(*had nothing to do with "teaching")
I would eat with the students, and marvel at their little zig-zag cut cucumber slices, their broccoli spears topped with a smattering of sesame seeds, their tiny patterned foil cups filled with coiled noodles... and they would make fun of me for my unabashedly boring leftover curry..
But, come to think of it, they made fun of me for just about everything. Aren't kids delightful?
So I had some trepidation about this lunch-making business. Getting tips from cookbooks specifically for bento is like taking a crash-course in master-chefsmanship... learn to prepare tiny portions of savory and aesthetically appealing finger food, nutritionally balanced and artistically nuanced:
Roasted eggplant slices interspaced with prosciutto! Glazed grilled salmon and bite-sized chunks of boiled kabocha! Apples sliced like an MC Escher drawing!
Gorgeous little hors d'oeuvres. For your child. FOR LUNCH.
I flipped through the pages of that cookbook thinking my kids will not eat any of this.
But first, before I even got to the cooking part, I needed some things:
I can't even tell you how many different stores I went to for the proper napkins and little cups and pouches for little cups, but it was a lot, and I broke a sweat in all of them because the kids take my price-tag-reading and decision-making-face as a cue to escalate to full-on feral monkey mode.
But we made it out eventually, and everything is safely gendered and color coordinated, despite the hodge-podge of assorted cartoon personae.
To the kitchen, then, for my first attempt:
Fortunately the majority of the bento is supposed to be rice, and it's not hard to dress it up with some furikake. The fried-chicken was store-bought (cheating, yes), then sliced apples, clementine wedges, cucumber slices -- salted! that's the trick -- and some green beans, blanched, then simmered in miso paste.
This is not going to become a cooking blog, where I take well-lighted pictures of food I made in my impeccably tasteful house in order to make you feel bad about your life, heaven forbid -- I only need to illustrate my story to show you that my children ate these vegetables. My children. Who usually eat cheese crackers and hot dogs. After a week in Japanese Yochien they are willingly eating green things.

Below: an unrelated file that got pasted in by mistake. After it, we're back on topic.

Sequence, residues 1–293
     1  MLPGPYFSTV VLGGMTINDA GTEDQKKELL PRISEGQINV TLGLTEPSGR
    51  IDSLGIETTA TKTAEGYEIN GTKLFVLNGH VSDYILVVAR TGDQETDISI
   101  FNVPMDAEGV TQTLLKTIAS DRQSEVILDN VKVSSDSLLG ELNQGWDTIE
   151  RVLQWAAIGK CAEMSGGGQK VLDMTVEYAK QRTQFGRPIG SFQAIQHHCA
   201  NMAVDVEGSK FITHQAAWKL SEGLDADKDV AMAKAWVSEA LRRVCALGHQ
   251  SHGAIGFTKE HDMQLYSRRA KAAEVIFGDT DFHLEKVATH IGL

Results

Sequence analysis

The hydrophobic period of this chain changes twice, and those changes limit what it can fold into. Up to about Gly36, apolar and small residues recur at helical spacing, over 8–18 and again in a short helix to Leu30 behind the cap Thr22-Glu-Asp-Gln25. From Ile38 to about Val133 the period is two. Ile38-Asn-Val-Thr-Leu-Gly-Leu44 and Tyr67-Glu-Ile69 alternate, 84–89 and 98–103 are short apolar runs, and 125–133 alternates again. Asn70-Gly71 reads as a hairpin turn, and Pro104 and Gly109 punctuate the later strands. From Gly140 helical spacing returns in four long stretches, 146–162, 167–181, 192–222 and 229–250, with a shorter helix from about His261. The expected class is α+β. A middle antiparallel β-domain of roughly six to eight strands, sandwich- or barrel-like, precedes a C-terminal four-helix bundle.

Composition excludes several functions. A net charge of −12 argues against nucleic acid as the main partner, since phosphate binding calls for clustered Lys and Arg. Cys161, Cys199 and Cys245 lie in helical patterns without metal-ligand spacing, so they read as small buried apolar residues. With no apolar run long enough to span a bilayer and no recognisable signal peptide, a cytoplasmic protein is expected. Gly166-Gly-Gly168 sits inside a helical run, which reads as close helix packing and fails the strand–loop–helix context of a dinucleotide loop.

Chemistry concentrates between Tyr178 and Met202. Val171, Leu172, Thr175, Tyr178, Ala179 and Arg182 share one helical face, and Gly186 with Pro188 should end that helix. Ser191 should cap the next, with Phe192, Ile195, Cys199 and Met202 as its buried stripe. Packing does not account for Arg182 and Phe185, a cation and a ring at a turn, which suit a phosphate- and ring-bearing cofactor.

Attempt #2 was leftover chicken piccata, rice cooked in dashi with carrots & mushrooms (followed this recipe, more or less), gomae (sesame spinach), and some more cuke & apple slices.
I'm crediting peer pressure mainly, and also the utter lack of fall-back comfort food, as the reason my kids will even try this stuff. But I have also realized my own complacency in our previous lunch habits. I don't want to be all insufferable about it, but learning how to cook vegetables in a way that tastes good to my kids is a skill I didn't know I needed until I was forced into it. Having a toaster oven helps, too.
I did not expect to like making bento; I was only hoping for a grudging tolerance. Believe me, I have deeper issues about Japanese food in general that need to be resolved (how desperately I miss good bread, for example), but I'm giving myself permission to feel a little smug in my success on this front.
Don't expect cocktail wieners cut to look like octopi with little sesame seed eyes, though. I have some snark to maintain.